As you start thinking about filing bankruptcy, you might be quite clear about wanting to file a “straight” Chapter 7 bankruptcy or instead a Chapter 13 “adjustment of debts.” Sometimes the choice between them can be quite straightforward. But other times it’s a tougher call. There could very well be unexpected advantages with the option that you were NOT intending to use, or unexpected disadvantages with your initial choice. There may be a number of unexpected factors to weigh in deciding whether Chapter 7 or 13 is truly the best for you. So it’s smart to have an open mind about this when you first meet with an attorney.
The sensible place to start is to determine which Chapter you are eligible to file.
Eligibility depends on the following four considerations:
A) Who Can File a Bankruptcy:
Although this may sound obvious, if you are an “individual”-a human being-you are eligible to file either a Chapter 7 case or a Chapter 13 one.
In contrast, if you are an owner of a corporation or a business partnership (or LLC or the other legal business forms) and you are considering filing bankruptcy in that business’ name, that corporation or other business entity is eligible to file a Chapter 7 case, but NOT a Chapter 13 one. The business can file its own Chapter 7 case, and you may or may not need also to file a Chapter 7 or 13 individually.
You can file a personal bankruptcy either by yourself or in a “joint case” with your spouse.
B) Type of Debt and Amount of Debt:
If more than half of the debt that you owe (by dollar amount) is “consumer debts”-defined as “incurred by an individual primarily for a personal, family or household purpose”-then to be eligible for Chapter 7 you have to pass the “means test.” (See below.) If at least 51% of your debt is non-consumer debt then you are not required to pass the “means test”. It is important that a qualified attorney review the types of debts you have to determine if they qualify as non-consumer debt. Items such as income taxes, business debts and automobile accident debts are non-consumer debts.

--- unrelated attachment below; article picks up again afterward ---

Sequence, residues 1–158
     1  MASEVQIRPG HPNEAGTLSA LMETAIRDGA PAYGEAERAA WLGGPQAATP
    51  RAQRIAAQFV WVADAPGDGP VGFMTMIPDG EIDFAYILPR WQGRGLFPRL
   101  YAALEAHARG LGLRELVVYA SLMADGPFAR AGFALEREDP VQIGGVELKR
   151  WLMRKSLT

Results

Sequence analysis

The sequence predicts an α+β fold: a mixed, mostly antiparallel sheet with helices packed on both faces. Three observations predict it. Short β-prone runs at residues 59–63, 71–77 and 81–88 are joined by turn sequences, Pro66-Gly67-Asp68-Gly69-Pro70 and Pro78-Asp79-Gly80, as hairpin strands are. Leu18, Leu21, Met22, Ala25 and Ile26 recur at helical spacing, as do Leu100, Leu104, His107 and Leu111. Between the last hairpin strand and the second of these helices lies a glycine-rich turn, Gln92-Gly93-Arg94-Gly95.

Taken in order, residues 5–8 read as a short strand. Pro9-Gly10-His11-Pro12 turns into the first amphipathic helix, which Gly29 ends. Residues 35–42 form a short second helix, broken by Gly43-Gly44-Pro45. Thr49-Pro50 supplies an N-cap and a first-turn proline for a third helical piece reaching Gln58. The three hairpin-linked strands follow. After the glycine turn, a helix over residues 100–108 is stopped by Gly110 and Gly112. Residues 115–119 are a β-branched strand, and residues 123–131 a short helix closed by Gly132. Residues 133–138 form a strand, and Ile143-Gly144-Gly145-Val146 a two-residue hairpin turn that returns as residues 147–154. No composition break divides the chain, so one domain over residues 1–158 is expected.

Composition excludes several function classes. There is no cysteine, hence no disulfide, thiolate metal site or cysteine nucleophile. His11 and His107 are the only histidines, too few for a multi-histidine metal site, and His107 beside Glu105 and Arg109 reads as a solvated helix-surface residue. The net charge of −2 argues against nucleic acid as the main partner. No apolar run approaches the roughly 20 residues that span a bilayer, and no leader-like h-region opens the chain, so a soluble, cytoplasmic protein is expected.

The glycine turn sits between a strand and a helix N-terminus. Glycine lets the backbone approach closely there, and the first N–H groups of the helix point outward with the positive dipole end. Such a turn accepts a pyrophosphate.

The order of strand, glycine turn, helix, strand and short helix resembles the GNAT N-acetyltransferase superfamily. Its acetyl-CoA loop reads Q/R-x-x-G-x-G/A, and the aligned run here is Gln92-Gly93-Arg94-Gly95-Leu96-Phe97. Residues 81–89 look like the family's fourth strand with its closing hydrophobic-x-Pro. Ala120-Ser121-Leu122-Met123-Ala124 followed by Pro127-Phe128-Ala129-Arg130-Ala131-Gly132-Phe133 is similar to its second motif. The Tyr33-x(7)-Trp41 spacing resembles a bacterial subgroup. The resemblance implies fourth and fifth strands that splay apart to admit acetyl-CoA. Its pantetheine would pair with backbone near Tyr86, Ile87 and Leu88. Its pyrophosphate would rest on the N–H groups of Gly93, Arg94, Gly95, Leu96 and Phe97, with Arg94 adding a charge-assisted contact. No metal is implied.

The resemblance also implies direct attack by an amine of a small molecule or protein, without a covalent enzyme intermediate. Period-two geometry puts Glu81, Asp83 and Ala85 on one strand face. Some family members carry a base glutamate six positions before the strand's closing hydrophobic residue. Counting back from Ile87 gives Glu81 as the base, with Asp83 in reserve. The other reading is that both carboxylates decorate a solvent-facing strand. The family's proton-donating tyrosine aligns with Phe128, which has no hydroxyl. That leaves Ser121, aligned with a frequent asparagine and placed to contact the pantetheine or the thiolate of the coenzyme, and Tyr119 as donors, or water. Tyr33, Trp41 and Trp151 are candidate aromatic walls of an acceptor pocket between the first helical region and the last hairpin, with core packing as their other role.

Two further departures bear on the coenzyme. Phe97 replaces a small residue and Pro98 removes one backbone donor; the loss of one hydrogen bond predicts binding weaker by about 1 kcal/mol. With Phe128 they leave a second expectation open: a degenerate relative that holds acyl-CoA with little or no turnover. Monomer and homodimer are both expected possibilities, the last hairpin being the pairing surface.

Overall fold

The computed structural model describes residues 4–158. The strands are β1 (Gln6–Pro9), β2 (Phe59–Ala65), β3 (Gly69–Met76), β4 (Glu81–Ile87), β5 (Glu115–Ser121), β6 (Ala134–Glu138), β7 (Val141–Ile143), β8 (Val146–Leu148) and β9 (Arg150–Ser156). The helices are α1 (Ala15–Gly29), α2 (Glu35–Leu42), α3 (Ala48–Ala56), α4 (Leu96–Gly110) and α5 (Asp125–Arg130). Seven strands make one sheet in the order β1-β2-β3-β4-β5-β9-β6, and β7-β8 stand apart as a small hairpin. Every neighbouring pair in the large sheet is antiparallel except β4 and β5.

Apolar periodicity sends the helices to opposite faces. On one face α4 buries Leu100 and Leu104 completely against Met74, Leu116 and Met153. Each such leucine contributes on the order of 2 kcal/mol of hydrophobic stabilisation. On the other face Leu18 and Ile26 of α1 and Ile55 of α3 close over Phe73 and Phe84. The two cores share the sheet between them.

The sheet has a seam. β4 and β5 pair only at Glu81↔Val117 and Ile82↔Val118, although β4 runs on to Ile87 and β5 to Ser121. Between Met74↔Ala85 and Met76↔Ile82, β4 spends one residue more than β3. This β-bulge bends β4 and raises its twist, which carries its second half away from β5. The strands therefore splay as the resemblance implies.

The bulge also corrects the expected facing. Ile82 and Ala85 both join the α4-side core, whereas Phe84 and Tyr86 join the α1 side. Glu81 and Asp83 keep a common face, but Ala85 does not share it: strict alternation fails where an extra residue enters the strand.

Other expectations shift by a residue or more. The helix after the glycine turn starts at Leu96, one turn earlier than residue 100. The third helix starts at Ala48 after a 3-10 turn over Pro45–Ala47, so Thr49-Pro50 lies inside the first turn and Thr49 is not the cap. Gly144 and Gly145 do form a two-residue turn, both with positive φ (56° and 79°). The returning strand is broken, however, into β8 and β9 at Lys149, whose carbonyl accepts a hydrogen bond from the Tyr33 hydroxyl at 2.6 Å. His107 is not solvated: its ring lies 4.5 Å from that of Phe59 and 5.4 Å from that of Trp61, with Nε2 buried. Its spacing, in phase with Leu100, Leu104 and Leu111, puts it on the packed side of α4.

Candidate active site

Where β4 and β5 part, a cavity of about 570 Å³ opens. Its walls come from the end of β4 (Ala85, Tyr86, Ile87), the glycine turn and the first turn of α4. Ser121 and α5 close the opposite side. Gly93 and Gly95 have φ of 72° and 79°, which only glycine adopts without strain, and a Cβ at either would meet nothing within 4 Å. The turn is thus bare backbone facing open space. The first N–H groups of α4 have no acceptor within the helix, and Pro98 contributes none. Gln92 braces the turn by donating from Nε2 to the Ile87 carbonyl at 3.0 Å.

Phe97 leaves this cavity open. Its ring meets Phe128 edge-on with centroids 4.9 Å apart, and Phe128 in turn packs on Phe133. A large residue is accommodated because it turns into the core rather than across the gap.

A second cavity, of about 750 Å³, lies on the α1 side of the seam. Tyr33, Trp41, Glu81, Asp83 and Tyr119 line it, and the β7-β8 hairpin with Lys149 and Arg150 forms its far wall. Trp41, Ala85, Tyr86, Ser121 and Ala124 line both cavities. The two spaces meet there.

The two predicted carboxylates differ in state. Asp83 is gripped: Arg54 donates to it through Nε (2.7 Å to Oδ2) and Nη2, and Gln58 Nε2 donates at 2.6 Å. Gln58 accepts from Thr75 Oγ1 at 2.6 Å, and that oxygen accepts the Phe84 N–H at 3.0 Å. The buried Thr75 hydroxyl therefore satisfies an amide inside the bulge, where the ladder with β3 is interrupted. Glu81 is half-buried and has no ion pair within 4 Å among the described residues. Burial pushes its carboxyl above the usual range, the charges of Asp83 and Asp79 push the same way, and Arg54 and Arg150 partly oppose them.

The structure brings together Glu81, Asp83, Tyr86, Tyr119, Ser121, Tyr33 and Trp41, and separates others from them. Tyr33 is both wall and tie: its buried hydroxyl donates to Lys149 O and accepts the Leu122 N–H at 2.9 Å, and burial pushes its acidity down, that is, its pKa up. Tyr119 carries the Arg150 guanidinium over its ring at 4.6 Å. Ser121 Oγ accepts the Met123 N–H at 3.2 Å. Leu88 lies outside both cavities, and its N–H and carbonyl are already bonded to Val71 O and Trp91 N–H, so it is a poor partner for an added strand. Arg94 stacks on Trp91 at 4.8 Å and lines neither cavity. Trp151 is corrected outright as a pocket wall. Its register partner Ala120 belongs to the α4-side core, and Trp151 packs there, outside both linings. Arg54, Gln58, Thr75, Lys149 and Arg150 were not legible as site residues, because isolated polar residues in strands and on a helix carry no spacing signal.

Chapter 13 has limits on the amounts of unsecured and secured debt you may have to file. If you owe more than $360,475 in unsecured debts or $1,081,400 in secured debts then you cannot file for Chapter 13 bankruptcy protection. Debts that are contingent or unliquidated are not counted toward these amounts. Some debts that appear to be secured may actually be treated by some courts as unsecured or vice versa.
There is no amount of debt that is required to file for Chapter 7 bankruptcy or a limit on the amount of debt. The amount of debt that you have does not help you qualify for Chapter 7 bankruptcy. The type of debt you have may help you qualify for Chapter 7 bankruptcy. There is an incorrect assumption that the amount of debt helps you qualify for a Chapter 7 bankruptcy.
C) 6 Month Income:
The “means test” in Chapter 7 is a multi-step procedure, but the majority of debtors pass the test, making them eligible to file Chapter 7, if their income is no more than the published “median income” for their family size in the state in which they reside, For cases filed starting on May 1, 2012, the median income amounts in California are:
|FAMILY SIZE||1 EARNER||2 PEOPLE||3 PEOPLE||4* PEOPLE|
* Add $7,500 for each additional personIn Chapter 13, if your income is less than the applicable “median income” amount, then your payment plan will usually last three years. But if your income is the equal to or more than that amount, your plan will last five years. Keep in mind that in certain circumstances a below median income debtor may need to commit to a 5 year plan due to feasibility issues or other issues.
D) Monthly Expenses:
Even if you are not immediately eligible to file a Chapter 7 case because your income is larger than the applicable “median income” amount, you may still be able to pass the “means test” based on your expenses. The means test examines whether you have enough disposable income to pay a portion of your unsecured creditors after paying the allowed expenses.
In addition, if you have expenses that are higher than the “allowed” expenses than you may be able to still qualify to file for Chapter 7 bankruptcy. You may be able to establish special circumstances in which the additional expenses are necessary and reasonable for the health and welfare of you and your family.
In a Chapter 13 bankruptcy your monthly payment amount is generally determined by looking at the means test calculation but also factors in special circumstances that may warrant a lower plan payment.
E) Prior Bankruptcy
There IS one more eligibility consideration: Whether you have filed another bankruptcy case in the past. If you have ever filed another bankruptcy case of any kind, whether or not it was successful, please inform your attorney right away. A prior bankruptcy filing may affect your eligibility to obtain a discharge or may affect when you can refile your case if it was dismissed with a bar.